Whilst we cannot go sailing right now, we can at least talk about it!

 

Kind regards

 

Rob

Sarabande 47/029

29 April 2020 - 10:18
#7
Join Date: 02 January 2008
Posts: 1396

Dear Douglas and Rob

I think you may find most of your sails on this sailplan.
Unfortunately it is in small scale. The yard possibly has the original drawing on 
file, would this be of interest?
Kind regards
Lars

29 April 2020 - 11:24
#8
Join Date: 29 January 2007
Posts: 797

Dear Douglas and Rob,

Sail Plan in higher definition is available and downloadable  among the other drawings on classicswan.org : https://www.classicswan.org/swan_drawings.php?Tipo=11

Fair winds!

matteo (47/069 Vanessa)

29 April 2020 - 21:11
#9
Join Date: 17 November 2016
Posts: 26

Thanks for all your responses. Now I am REALLY looking forward to some sailing.

Rob, we are using the spinnaker foreguy as our tacking line upwind. 

Lars, I did use the sailplan to overlay my inventory on the previously posted images. I have the original sailplan that came with the boat (it has additional information compared with the one posted by Matteo). I will scan it and send it for addition to this wonderful resource!

Attached are a couple shots from last summer.

Douglas

29 April 2020 - 21:25
#10
Join Date: 29 January 2007
Posts: 797

Dear Douglas,

any additional plan, info, brochure, or whatever you have and would like to send for our archive is very much appreciated, with big thanks!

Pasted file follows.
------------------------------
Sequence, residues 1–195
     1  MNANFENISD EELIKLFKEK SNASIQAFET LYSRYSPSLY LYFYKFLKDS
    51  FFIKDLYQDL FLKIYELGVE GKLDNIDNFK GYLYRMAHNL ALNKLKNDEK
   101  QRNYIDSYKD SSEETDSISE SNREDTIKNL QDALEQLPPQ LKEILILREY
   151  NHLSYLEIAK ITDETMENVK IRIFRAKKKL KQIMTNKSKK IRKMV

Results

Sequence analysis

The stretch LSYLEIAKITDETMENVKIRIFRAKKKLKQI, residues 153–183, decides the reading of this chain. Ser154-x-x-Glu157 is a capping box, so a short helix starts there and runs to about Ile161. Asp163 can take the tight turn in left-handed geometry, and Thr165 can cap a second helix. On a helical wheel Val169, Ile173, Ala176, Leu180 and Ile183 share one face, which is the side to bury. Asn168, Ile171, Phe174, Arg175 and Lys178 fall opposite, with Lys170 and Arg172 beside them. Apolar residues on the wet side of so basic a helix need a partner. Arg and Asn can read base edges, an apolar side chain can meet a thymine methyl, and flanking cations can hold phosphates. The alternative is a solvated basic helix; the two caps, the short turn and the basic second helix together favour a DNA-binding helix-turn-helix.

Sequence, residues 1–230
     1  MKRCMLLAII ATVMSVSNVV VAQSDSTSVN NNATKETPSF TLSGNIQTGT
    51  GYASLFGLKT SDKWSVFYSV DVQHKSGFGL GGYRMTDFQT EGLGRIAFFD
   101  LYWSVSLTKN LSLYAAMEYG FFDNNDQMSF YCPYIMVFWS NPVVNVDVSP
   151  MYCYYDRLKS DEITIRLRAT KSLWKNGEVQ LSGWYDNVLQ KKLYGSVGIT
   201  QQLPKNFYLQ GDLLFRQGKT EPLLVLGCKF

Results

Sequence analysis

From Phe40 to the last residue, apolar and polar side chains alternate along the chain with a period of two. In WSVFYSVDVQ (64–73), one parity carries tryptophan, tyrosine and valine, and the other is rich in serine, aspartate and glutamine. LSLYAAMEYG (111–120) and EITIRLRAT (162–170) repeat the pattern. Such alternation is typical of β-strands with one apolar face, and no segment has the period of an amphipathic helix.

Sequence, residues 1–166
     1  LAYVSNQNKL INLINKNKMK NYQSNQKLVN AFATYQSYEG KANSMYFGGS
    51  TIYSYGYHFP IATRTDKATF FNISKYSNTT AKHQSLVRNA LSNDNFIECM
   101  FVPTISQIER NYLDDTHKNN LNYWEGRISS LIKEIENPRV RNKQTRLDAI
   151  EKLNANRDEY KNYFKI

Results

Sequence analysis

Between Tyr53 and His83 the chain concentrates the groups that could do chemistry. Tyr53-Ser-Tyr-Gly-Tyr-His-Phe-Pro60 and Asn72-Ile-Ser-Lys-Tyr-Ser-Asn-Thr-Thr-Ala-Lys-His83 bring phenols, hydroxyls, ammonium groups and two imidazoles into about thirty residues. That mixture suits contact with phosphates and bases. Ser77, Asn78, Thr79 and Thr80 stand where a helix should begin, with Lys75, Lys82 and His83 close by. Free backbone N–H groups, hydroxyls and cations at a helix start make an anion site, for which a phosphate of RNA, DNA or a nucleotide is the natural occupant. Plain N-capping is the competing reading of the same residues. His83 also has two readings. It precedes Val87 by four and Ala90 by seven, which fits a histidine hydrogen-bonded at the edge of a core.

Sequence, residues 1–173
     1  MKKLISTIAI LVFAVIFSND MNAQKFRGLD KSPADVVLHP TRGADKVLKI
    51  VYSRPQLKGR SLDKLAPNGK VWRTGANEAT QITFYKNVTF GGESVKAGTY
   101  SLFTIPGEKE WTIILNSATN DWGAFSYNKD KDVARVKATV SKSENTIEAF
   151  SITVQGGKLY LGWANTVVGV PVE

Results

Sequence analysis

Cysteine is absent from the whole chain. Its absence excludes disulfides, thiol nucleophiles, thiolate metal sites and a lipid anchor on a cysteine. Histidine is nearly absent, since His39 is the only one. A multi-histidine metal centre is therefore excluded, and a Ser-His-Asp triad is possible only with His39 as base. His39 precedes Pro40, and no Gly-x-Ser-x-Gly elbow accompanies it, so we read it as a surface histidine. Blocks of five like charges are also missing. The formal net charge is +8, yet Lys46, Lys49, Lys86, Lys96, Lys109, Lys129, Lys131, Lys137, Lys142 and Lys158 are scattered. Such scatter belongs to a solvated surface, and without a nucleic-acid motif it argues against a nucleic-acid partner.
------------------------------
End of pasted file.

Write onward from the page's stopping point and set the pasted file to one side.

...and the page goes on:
If you can scan in a very high resolution, you could send files by wetransfer, Dropbox or whatever you prefer.

Thanks a lot in advance, we are always looking for any kind of material for the Association, and to be uploaded on classicswan!

Fair winds!

matteo (47/069 Vanessa)

30 April 2020 - 19:58
#11
Join Date: 01 March 2007
Posts: 139

Douglas,

Really good to see your sailing pictures, that No 1 looks a beast, and on the reaching shot, she looks nicely powered up and nice ease on the main outhaul! What is the limit of wind in that sail, do you think? So you attach your tacking line to the clew?

On reading the Sail Plan from Nautor which Matteo kindly put up, in clearer type I see the note on the Drifter to "Reef for Spinnaker Staysail" use, and I wonder if the sail has a second tack point, further up the luff so you can tack it down from a staysail halyard? does that make sense?

Rob

01 May 2020 - 14:10
#12
Join Date: 19 March 2020
Posts: 4

Walidada:

 

I have the original blueprint of the sail plan on board at Scarlino if that would help.

 

Jonathan

01 May 2020 - 16:23
#13
Join Date: 17 November 2016
Posts: 26

I've attached a better picture showing the tacking line attachment I requested from North. Also, see attached scan of sail plan. Full size PDF is posted here:

https://drive.google.com/drive/folders/1sziEUydqvNrzKQQ0qvb9THNMYJEyfFFJ?usp=sharing

Douglas

Genoa Tacking Line

Swan 47 Sail Plan

16 May 2020 - 16:20
#14
Join Date: 16 October 2011
Posts: 3

Reading through Douglas Headsails description, I’d like to propose some comments. 

1 – Furling Genoa “A” with a “Foam Padding” flattening device should be less efficient compared to “B” Genoa’s “Rope Luff”. Outside of any considerations about dimensions and sail weight, the purpose of a Flattener is to make thicker the Headfoil section, thus absorbing more shape at each furling turn. For this reason, a softer “squeezable” material doesn’t perform the same job as another more stable and resistent material.